Reflective listening: “What I hear you say is that you don’t feel heard by me and that all I’m focusing on is trying to solve your problems.”

Your friend: “My boss was so rude to me today and made me feel like a banana in front of my team when he reprimanded me about a report I hadn’t completed properly.”
The usual response: “But why didn’t you finish the report, of course, he’s gonna be upset with you.”
Reflective listening: “It sounds like you were really embarrassed by your boss and what he said to you in front of your team.” 

Now, I know you might be sitting there saying “Really!” but it works and is a tool frequently used by counsellors and coaches. The reason is, it’s not about what you are saying, it’s about how they feel and the fact that they are feeling heard. The value of being their mirror is that it helps them feel like you are with them, you’re connected and understand where they are coming from, not to mention that you have their back.  By being the mirror to another person’s experience, you’re giving them a genuine connection versus trying to fix them.

3. Putting on your own shoes
Empathy is our ability to put ourselves in the other person’s shoes and ‘feel’ the way they must be feeling. Having empathy is a critical skill for relationship building. Another way that you could do this is through reverse empathy – by putting yourself in your own shoes and trying to remember a time where you perhaps felt the strong emotion the other person is feeling. Maybe it was anger or frustration or a deep sense of sadness. Try and recall a time where you struggled with these emotions, how they felt and what mood you were in.

For example, if they’re really frustrated and angry, think back to when you were so frustrated or angry, you couldn’t even think straight:

  • What happened to get you so angry?
  • What thoughts and emotions were going through your mind?
  • What did the people around you do or not do?
  • And importantly, what do you remember wanting, needing, or wishing for when you felt that way?

Often, reverse empathy can help you appreciate someone else’s emotions and struggle because it’s based on your own experiences in the moment, rather than what you think they must be feeling. And the more you can connect with your emotional responses, the better the chance of being genuinely helpful and supportive to the other person, not to mention being less reactive and emotional yourself.

4. Respond versus react
Have you ever found that other people’s bad moods have stirred up emotions in you? Your significant other is miserable, and you find yourself getting frustrated. Perhaps your boss is anxious and micromanaging, which tends to make you feel anxious too. Maybe a parent is irritable, and you respond with annoyance and a sarcastic dig.

Allowing our emotions to overtake how we’re feeling about a situation, means that we have limited emotional and mental bandwidth to deal with the mood of the other person.  This is the reason why we often react to other people’s bad moods in a way that ultimately isn’t helpful to them, to us or our relationship.

The best way to manage this is by simply acknowledging and validating our own emotions and telling ourselves that it’s okay to feel this way and that how we are feeling is reasonable.  As an example, suppose your significant other has been in a bad mood the whole evening because of something that happened at work. They are impatient, frustrated, and generally painful to be around. There are also no signs of them shifting their mood, and they are totally self-absorbed in their own misery. While you’ve managed to be supportive for the first couple of hours and showed interest in their story, you can feel yourself starting to get annoyed with them.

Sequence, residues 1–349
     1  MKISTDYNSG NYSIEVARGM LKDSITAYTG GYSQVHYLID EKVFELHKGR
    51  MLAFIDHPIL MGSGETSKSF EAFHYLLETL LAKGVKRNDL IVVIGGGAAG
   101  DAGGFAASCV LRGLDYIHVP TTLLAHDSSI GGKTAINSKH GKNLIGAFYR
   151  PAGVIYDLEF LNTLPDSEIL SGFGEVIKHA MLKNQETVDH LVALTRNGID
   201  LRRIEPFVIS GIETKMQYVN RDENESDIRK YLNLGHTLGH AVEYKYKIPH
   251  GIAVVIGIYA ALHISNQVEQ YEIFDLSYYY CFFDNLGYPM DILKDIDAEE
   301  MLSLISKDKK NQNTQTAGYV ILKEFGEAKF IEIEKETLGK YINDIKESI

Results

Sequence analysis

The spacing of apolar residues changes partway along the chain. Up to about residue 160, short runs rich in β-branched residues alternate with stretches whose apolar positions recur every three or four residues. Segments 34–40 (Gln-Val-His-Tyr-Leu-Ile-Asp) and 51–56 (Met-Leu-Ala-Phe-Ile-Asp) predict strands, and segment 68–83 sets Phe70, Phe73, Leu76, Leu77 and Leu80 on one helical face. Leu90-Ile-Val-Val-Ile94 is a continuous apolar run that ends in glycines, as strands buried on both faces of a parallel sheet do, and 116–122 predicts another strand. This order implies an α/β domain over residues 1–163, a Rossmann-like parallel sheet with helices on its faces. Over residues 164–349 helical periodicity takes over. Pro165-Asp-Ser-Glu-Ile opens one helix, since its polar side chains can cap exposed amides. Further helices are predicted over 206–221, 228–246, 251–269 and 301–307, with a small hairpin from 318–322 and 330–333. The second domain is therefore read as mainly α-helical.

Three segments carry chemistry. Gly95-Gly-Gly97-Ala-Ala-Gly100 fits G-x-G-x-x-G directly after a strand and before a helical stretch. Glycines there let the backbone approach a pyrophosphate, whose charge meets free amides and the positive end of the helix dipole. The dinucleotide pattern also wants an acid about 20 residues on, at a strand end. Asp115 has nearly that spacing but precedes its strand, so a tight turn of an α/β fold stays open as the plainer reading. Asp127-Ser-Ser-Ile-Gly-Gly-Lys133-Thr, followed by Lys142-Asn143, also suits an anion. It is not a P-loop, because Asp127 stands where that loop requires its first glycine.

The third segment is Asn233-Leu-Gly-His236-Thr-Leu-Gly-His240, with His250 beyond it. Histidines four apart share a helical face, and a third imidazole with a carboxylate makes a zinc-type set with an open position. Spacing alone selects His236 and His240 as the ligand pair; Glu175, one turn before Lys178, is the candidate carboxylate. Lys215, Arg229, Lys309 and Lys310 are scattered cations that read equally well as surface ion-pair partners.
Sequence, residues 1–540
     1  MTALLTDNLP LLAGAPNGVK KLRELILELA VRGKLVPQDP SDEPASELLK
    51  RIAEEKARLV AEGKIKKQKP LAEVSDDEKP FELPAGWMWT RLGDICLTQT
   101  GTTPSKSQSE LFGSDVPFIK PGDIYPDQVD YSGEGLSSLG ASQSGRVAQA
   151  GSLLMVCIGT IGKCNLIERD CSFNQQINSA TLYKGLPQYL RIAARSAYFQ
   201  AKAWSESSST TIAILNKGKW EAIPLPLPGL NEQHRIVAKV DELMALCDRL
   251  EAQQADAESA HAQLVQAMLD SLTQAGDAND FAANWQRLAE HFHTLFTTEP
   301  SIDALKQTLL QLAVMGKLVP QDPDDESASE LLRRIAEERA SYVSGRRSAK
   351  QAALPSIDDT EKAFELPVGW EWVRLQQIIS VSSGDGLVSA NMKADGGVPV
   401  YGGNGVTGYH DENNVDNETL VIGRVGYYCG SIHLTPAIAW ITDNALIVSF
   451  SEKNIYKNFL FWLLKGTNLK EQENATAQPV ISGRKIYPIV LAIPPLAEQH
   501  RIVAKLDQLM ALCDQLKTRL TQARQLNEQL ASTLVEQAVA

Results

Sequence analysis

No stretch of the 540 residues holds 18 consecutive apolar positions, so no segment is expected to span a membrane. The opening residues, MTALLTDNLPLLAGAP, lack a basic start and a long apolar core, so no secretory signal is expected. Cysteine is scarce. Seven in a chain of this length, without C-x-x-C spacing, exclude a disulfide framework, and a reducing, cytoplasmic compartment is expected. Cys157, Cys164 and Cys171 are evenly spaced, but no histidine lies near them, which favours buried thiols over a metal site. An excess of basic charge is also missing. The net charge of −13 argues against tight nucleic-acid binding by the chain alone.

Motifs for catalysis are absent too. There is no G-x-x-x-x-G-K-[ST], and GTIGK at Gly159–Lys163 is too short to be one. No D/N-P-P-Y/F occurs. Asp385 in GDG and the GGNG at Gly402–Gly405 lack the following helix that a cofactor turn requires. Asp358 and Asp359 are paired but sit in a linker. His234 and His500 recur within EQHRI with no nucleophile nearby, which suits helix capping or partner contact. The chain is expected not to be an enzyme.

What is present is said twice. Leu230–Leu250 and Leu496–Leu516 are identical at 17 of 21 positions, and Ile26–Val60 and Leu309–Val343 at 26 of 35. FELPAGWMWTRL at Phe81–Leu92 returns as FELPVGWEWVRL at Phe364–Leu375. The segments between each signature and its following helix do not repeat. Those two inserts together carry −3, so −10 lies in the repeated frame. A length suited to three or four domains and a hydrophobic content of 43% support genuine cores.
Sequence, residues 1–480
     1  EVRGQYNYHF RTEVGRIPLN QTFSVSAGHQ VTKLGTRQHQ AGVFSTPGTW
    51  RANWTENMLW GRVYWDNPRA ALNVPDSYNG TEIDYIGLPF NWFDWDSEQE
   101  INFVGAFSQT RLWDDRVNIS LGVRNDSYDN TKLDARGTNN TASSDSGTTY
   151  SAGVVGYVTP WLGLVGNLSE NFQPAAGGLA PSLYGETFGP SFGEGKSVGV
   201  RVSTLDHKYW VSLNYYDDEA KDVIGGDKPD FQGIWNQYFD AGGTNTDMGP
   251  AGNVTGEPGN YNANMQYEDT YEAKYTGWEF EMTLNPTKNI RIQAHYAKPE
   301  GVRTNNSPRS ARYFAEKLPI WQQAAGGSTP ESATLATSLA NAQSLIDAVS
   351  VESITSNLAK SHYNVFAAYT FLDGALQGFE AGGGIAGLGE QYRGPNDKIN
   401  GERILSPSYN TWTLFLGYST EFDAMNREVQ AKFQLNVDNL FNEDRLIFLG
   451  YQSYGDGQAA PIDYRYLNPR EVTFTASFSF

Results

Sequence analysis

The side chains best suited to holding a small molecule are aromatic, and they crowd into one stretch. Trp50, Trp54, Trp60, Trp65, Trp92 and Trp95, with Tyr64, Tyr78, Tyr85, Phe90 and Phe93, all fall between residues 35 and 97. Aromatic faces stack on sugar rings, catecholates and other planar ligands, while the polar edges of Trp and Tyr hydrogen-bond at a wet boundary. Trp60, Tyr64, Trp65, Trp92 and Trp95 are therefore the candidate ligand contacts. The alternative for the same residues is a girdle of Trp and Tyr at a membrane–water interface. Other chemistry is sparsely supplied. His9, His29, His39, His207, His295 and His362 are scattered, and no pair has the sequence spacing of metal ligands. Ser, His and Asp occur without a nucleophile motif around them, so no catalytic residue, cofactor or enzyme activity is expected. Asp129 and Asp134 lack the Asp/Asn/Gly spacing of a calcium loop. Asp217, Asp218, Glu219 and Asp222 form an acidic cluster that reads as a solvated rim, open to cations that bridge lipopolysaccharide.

Rather than 1) allowing your annoyance to get the better of you and saying something unhelpful, or 2) judging them and their inability to get over it or 3) becoming judgemental of yourself for feeling annoyed, you could validate your own annoyance.  This could take the form of a few seconds of pause, during which you acknowledge how you’re feeling, remind yourself that it’s okay and natural to feel this way and then ask yourself ‘what is the most helpful way’ you could move forward. These few seconds of pause allow you to calm the emotional centre of your brain and get your rationale brain back in the driver’s seat.

5. Control what is in your circle of influence
If someone you care about is in a bad mood, there is nothing you can do to make them feel better. Now, this may sound counterintuitive because many of us think that if someone’s miserable, we can make them feel happy by doing something, or saying something. In reality, however, the only thing we can control is how we show up. We cannot control how another person feels or doesn’t feel, that is entirely their choice.

A common error I see many people make when trying to deal with other people’s bad moods is to think it is their responsibility to make that person feel better. The reality is we can only be responsible for the things that we can control and influence. Emotions by their nature are not directly under our control, and therefore we are not responsible for our emotions. We are however responsible for our behaviour and how we think as a result of these emotions.

When we feel responsible for things outside of our control, we set ourselves up for unnecessary frustration, disappointment and resentment. However, when we are clear on what we can control, i.e. our behaviour and thinking, then we are less likely to get frustrated. In summary, because you can’t directly control how someone feels you’re not responsible for it. When you stop taking on the responsibility of making someone feel better, you can start focusing your time and energy on what you can do to connect with them in a heartfelt way and become genuinely supportive.

A final word
Humans are DNA wired to connect. We crave belonging, finding our tribe and forging strong relationships. Emotions are part of what makes us human. Being able to understand and regulate our own emotions and having the skills to support others who are experiencing strong emotions is key to healthy relationships. The more we practise these skills, the better we become at managing the highs and lows of human connection. It is like building a muscle. The healthier our relationships and the stronger our sense of belonging and connection, the better our mental, physical and emotional health. So the next time someone close to you comes home in a grumpy mood, question with curiosity, mirror their emotions, put on your own emotional shoes and focus on what you can control!